Wednesday, July 28, 2010

Mobile + Social Nets drive massive change in Communications + Commerce

Mary Meeker of Morgan Stanley recently gave her annual "State of the Mobile Internet" presentation and the themes that she reviewed were illuminating.  What was most interesting wasn't Apple's latest antics or regulation or the  'investment' story but specifically her item number 3:  Next Generation Platforms because of what it says about what adoption of mobile tools and the spread of social networks is likely to do to the way institutions organize and manage their businesses.  Linked In, Facebook, even Salesforce.com demonstrate that the boundary between being 'inside' an organization and 'outside' is blurring.  I can sell for a company using its tools, processes and collateral without being an employee.  As an employee, I can join Facebook or Linked In groups that offer me far more professional fulfillment than my employer and indeed, I may end up being more loyal to them, to the profession or the tribe than to those who pay me.

The ubiquity of mobile devices and their always on access and applications radically enables many, many different types of working relationships that blur the distinction between insider and outsider.  Historically if a company wanted something done and done right, it needed to completely control the individual executing the task - that person needed to be closely supervised, trained and use specialized tools to deliver the company's solution into the market.  The mobile internet undermines that model decisively.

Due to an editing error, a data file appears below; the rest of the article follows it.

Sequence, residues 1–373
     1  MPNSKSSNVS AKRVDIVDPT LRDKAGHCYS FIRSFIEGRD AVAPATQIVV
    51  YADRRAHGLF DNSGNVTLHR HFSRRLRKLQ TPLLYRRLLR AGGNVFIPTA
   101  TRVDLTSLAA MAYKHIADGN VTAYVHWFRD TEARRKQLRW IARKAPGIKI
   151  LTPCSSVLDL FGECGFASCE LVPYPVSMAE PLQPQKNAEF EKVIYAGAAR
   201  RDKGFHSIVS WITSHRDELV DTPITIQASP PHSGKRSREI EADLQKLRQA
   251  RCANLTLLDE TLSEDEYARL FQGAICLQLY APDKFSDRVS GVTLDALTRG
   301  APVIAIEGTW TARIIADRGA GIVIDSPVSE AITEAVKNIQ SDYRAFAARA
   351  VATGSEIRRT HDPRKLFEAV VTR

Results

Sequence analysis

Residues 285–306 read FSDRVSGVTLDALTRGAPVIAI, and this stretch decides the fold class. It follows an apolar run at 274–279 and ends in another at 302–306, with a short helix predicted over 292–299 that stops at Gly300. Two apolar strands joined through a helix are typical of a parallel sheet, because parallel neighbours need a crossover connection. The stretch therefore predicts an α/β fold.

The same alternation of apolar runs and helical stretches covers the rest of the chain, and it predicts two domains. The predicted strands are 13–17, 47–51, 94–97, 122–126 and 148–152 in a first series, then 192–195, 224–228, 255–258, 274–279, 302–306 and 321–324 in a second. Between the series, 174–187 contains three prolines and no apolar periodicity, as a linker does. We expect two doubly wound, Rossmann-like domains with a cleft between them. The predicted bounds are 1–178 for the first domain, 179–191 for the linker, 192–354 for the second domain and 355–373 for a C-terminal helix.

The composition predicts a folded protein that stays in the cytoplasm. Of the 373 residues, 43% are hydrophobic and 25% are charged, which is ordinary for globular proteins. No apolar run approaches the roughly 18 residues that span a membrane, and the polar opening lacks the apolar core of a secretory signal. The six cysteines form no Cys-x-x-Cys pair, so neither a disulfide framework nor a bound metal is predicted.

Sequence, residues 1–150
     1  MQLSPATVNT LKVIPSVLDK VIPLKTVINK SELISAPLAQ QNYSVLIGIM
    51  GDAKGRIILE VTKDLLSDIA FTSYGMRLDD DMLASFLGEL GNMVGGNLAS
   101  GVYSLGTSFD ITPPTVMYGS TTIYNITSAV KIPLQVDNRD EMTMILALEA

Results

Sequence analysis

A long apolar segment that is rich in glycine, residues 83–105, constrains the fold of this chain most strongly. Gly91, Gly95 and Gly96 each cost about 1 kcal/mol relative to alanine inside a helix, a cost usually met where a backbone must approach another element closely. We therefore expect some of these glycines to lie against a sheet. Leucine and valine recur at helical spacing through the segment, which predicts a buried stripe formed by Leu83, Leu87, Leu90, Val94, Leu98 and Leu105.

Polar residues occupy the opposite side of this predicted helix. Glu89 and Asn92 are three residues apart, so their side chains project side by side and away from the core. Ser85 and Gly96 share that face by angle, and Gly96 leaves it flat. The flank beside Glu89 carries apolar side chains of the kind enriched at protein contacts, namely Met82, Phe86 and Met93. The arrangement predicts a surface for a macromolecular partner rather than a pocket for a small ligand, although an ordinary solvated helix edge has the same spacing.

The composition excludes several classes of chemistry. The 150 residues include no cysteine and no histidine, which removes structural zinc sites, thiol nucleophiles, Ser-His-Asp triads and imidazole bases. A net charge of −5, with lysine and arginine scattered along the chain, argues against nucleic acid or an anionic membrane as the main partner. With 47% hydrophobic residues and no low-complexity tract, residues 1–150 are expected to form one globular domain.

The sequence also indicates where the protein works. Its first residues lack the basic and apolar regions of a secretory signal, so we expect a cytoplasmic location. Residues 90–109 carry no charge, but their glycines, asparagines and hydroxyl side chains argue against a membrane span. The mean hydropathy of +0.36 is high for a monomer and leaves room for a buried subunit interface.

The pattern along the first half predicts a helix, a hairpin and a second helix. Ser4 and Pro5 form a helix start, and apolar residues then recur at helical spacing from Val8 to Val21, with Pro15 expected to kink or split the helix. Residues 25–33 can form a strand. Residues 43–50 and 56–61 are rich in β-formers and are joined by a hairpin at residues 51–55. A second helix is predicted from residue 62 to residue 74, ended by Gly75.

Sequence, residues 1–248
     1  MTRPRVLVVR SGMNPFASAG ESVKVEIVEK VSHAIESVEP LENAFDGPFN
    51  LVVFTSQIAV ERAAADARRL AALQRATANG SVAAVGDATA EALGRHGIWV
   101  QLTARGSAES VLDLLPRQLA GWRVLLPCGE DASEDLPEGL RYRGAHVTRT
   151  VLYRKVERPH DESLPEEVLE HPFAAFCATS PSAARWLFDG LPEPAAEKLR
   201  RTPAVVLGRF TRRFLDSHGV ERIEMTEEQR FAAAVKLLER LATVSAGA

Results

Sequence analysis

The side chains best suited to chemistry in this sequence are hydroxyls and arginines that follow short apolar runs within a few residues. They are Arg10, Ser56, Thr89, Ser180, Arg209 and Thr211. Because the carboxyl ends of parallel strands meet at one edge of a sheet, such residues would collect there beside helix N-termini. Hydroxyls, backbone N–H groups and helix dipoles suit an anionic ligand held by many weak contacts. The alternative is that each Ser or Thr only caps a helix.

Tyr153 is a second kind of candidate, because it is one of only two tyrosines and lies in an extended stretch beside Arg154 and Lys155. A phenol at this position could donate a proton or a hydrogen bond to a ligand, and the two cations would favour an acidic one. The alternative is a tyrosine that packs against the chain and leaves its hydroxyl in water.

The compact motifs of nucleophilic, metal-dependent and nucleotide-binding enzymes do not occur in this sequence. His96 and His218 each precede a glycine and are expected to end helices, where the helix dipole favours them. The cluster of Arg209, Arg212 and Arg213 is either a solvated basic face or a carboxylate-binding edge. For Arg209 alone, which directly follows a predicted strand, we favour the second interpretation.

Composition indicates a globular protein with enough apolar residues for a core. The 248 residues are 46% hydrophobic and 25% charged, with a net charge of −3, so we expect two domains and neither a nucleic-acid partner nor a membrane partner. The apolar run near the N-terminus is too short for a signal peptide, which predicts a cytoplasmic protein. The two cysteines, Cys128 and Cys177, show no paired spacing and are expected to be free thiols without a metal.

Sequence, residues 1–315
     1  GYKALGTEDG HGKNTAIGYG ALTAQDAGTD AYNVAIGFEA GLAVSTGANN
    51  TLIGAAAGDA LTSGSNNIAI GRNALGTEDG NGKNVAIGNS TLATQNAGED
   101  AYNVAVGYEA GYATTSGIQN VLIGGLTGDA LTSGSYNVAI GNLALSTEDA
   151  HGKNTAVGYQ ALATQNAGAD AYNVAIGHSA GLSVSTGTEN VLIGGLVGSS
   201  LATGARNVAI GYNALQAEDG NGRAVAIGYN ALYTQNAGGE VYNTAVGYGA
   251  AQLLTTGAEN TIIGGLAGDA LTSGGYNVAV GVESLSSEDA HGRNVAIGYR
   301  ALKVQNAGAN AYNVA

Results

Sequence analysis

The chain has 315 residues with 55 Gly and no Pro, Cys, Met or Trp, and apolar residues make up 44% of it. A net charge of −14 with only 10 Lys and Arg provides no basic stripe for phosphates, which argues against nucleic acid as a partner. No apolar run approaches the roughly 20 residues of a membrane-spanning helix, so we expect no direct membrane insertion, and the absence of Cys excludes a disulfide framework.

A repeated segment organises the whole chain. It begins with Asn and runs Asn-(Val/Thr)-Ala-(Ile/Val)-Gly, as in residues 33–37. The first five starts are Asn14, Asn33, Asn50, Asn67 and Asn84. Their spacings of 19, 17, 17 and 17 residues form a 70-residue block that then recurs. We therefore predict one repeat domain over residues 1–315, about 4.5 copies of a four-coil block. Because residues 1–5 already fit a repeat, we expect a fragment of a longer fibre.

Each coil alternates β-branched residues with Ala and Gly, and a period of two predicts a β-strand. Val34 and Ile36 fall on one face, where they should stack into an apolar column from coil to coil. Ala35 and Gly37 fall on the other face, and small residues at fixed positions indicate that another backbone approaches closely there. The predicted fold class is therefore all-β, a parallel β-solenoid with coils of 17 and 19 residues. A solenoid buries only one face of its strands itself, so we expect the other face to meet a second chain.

We are working with a small transportation technology company:  Freighthunter who has developed a PDA based application designed to manage the error fraught shipping and receiving interface between enterprise vendors and their customers.  Essentially what FH has done is to create a standardized workflow that any trucker, no matter who he works for can utilize when delivering to a given buyer for a given vendor.  The most clever part of the vision is that before the driver arrives at the delivery point he can use the solution to view customer specific training:  say 10 minutes on how to deliver to Walmart.  When he gets to the customer site, he follows a specific customer/vendor workflow, for example a WM and P&G joint receiving workflow that is spelled out for him on the PDA - if he doesn't follow it to the letter, he doesn't get paid the service premium.  Finally, the tool enables that specific paired relationship's variables, metrics and tasks to be executed in real time.  The result:  the Walmart/P&G order/bill of lading/delivery/receipt relationship is managed perfectly by a person who doesn't work for either company and may not even have been exposed to them before that day.

How will that person get hired to deliver for WM/PG?  Through a brokerage that will look more and more like a social network - with rules for membership, professional standards and visibility into each member's performance against those standards.  Those that don't cut the mustard won't be allowed to remain part of the group.  And the group will interact with its clients through ubiquitous client specific applications and training loaded Just In Time on that person's mobile device at precisely the moment that they need it to execute the service.

That's the power of the mobile internet:  deliver specific, high quality vendor/customer outcomes through any qualified service provider.  It's a big wave that could overturn a lot of old freighters out on the Openwater.

1 comment:

  1. Bill: Outstanding dialog and ideas.

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